He helped the service to achieve migration from pre-shipment inspection to destination inspection regime; cargo scanning system and trade facilitation. He built the prestigious Customs Command Staff College, Gwagwalada Abuja, which earned Nigeria strong commendation from the World Customs Organisation; and which became the regional customs training centre.

Under him officers and men wage received a push up, including other welfare schemes like post service housing scheme believed to be in the front burner up until his departure in 2015.

Although he was vigorously prosecuted by the President Muhammadu Buhari government on charges of corruption, he entered a plea bargain application consistent with the provisions of the law and based on the agreement, was allowed to go home.

It was not too longer afterwards that the government re-arraigned him apparently over the same offences, using the Economic and Financial Crimes Commission (EFCC) and Independent Corrupt Practices Commission (ICPC).

In 2019, he was acquitted of the charges of corruption, but was nevertheless hounded back into the court room.  While on sick bed in London, the court issued an bench warrant on him for allegedly failing to  be present in court; despite appearances by his attorney.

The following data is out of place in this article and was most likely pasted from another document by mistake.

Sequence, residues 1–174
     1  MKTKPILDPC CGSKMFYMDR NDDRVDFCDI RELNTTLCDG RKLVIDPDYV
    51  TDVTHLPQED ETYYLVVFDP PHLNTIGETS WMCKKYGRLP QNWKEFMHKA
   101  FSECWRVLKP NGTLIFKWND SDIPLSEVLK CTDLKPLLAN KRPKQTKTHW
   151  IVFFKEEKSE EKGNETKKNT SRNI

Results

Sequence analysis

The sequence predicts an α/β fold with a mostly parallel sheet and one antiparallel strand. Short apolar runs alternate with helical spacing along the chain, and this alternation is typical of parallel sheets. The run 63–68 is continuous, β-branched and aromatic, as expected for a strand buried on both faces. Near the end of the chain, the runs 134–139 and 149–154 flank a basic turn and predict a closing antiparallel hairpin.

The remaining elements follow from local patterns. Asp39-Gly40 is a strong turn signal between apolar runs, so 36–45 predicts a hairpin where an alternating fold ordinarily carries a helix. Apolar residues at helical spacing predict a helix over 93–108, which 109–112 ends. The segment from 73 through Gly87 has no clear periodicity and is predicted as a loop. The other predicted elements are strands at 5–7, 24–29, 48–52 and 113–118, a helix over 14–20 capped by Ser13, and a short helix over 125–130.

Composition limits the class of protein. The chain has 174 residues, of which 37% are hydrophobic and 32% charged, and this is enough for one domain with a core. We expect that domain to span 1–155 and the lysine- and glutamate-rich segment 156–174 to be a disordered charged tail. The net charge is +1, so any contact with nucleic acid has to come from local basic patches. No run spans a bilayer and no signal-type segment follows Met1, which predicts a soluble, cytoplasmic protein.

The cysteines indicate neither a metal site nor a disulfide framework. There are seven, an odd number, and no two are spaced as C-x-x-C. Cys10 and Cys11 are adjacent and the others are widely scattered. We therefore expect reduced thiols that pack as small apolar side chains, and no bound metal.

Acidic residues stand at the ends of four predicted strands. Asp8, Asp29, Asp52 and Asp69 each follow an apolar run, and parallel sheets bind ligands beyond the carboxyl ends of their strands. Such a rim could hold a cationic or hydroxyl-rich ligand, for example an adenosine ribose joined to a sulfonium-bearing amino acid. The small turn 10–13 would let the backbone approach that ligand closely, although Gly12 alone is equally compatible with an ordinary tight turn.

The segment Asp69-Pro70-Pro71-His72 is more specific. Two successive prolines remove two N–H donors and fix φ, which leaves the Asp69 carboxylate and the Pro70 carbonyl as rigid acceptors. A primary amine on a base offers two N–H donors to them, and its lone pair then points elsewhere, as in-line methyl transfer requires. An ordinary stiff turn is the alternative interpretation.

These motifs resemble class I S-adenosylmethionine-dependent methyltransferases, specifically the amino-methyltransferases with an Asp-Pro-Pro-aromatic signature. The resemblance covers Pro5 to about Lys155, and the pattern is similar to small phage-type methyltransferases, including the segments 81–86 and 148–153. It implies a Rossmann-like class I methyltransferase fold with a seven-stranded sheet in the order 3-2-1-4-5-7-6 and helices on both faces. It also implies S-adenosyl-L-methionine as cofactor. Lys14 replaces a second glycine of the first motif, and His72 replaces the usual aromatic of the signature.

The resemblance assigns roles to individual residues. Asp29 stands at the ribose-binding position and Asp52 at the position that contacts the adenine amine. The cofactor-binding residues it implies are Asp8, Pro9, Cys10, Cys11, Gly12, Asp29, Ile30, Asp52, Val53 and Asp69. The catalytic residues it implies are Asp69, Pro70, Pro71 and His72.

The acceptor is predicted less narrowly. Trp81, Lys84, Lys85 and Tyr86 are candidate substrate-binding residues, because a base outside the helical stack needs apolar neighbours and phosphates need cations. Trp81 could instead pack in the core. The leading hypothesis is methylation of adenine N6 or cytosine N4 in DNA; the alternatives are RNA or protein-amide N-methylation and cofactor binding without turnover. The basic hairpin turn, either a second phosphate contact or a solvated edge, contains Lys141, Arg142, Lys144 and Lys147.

The harassments by government and its officials were believed to have worsened his medical condition and also believed to have interfered with his proper medical attention, setting off a number of defaults in his health management.

It is believed that some of these factors may have heightened his health deterioration, leading to his untimely death at the National Hospital Abuja, where he gave up the struggle for life reportedly following complications in his vital organs.

He was buried on 19th February 2021 at the Abuja Cemetery after funeral prayers (Janaza) was held at the Jumaat Prayers at the National Mosque Abuja.

Dikko was survived by his adorable wife and children.